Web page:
My schooling was bracketed by a death in Dallas and wanton killings in Kent. The dream -- the national fantasy inculcated into so many after the War -- died with JFK. But the hope . . . the hope spawned by Jefferson, reaffirmed by Lincoln, restored by Franklin Roosevelt . . . the hope remained, and beats as strong today as it did when I received my first diploma. From that hope we can generate anew the dreams that will carry us into the future, a future that grows increasingly bright if we but know how to focus on the light . . .

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Response to Journeyman (Reply #3)

Mon Apr 15, 2013, 06:25 PM

5. Rec.

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Response to Journeyman (Reply #3)

Mon Apr 15, 2013, 06:44 PM

6. 1973

All of the above, and don't forget growing up wondering when the bomb was going to fall.

Every generation has different challenges.

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Response to Journeyman (Reply #3)

Mon Apr 15, 2013, 07:25 PM

7. Oh my...



After I posted this, I thought about all that. The Vietnam war, Kennedy assassinations, MLK, the whole civil rights movement and the violence that brought down on people.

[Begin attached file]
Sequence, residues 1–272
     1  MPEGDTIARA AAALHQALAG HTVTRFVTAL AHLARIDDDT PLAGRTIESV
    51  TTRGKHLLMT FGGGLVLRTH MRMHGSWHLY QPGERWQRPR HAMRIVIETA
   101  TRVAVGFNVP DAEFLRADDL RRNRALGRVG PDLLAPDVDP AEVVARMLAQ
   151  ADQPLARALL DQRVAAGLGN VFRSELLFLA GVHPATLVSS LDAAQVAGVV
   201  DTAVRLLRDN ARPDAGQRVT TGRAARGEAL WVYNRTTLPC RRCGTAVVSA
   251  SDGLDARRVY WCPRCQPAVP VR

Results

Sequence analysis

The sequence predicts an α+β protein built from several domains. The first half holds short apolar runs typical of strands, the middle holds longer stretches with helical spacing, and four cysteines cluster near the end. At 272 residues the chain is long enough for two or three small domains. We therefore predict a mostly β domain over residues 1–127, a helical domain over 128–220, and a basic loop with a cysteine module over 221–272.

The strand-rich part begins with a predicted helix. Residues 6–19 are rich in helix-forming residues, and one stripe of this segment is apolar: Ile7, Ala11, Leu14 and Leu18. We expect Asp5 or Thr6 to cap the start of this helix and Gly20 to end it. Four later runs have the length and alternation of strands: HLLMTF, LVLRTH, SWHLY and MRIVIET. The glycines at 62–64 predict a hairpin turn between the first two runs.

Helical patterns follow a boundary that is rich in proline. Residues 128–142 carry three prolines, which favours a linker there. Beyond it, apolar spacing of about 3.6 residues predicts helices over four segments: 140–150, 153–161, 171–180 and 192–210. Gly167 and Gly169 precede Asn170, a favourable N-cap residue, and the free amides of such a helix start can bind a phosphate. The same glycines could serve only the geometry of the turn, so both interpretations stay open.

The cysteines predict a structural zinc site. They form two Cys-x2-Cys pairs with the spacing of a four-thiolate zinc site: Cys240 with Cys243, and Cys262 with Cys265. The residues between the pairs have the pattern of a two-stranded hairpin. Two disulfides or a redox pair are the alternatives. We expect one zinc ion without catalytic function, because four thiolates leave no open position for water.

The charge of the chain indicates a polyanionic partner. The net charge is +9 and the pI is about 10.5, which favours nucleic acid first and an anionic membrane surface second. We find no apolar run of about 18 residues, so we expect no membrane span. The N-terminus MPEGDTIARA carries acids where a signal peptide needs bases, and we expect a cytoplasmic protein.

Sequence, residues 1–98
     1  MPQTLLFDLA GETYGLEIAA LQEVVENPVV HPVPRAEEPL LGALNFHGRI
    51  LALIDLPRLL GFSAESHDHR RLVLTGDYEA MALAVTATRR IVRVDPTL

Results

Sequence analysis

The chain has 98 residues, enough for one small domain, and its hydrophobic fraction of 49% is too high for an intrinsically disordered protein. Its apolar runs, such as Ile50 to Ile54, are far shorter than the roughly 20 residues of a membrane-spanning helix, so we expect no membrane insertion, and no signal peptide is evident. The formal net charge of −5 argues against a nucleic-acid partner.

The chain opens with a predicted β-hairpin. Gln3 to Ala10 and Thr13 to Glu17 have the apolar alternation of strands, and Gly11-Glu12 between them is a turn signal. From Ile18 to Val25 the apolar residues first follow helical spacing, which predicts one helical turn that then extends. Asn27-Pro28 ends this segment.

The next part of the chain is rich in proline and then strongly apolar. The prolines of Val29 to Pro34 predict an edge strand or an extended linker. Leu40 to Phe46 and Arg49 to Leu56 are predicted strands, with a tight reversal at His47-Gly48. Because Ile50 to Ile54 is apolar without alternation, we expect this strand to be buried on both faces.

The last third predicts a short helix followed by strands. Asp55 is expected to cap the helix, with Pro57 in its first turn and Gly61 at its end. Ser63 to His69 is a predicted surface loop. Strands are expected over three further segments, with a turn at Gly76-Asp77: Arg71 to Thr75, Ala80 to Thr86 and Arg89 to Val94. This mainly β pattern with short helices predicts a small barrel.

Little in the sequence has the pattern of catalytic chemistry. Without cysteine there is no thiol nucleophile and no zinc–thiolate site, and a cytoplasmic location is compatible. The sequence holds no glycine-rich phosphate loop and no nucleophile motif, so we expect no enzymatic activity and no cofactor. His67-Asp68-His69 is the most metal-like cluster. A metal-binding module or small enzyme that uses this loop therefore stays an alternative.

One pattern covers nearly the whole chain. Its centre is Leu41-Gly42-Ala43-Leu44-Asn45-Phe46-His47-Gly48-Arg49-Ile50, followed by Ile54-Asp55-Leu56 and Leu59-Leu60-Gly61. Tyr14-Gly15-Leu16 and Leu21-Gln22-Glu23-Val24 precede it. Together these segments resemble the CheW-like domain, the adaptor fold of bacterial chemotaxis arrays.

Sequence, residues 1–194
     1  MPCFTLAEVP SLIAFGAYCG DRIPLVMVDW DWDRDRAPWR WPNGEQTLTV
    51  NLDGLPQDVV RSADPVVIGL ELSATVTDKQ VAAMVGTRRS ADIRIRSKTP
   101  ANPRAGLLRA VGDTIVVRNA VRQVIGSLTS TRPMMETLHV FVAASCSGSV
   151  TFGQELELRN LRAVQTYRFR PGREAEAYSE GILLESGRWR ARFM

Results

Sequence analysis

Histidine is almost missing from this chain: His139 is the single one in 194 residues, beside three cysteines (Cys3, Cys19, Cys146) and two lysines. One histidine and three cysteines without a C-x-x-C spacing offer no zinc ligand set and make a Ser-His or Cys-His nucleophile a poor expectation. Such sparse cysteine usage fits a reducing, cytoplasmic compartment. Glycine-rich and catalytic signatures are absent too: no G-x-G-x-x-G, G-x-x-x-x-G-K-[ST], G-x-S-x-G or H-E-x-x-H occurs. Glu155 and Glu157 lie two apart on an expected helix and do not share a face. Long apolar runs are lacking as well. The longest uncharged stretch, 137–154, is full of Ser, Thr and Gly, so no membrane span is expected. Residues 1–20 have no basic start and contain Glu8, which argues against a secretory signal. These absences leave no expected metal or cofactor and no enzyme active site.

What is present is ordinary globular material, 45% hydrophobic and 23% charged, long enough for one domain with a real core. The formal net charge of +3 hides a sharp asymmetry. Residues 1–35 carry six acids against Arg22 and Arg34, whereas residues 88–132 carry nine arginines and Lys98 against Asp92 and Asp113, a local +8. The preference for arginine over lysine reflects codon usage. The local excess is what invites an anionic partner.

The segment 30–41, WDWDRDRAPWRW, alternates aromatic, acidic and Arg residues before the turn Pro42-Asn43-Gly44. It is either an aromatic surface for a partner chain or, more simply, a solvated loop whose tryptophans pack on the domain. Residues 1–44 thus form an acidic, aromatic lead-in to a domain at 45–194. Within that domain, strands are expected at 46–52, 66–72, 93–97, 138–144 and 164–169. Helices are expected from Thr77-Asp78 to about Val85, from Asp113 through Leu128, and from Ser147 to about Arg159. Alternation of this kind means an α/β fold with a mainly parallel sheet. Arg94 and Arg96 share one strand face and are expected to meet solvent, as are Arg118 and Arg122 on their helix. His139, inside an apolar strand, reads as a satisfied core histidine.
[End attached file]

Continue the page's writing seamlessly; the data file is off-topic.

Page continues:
I didn't want to make light of those things. God, when I think of some of the 22 year old kids in Vietnam (my dad) or in the south fighting for civil rights...makes my blood run cold.


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Response to Journeyman (Reply #3)

Mon Apr 15, 2013, 07:33 PM

10. All that you said

And the shadow of The Bomb over all our little heads.

Thanks for the reminder of what we came through, but most of all thanks for the final paragraph.

Hekate

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Response to one_voice (Original post)

Mon Apr 15, 2013, 06:22 PM

4. Even if the odds of being harmed are 1 in 100,000, it feels like one in 100.


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Response to one_voice (Original post)

Mon Apr 15, 2013, 07:31 PM

9. Oh, one_voice!

I am glad your son is safe. Take care.

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Response to one_voice (Original post)

Mon Apr 15, 2013, 07:36 PM

11. I guess it's no surprise...

that a favorite motto/expression, what have you amongst today's youth is YOLO (you only live once).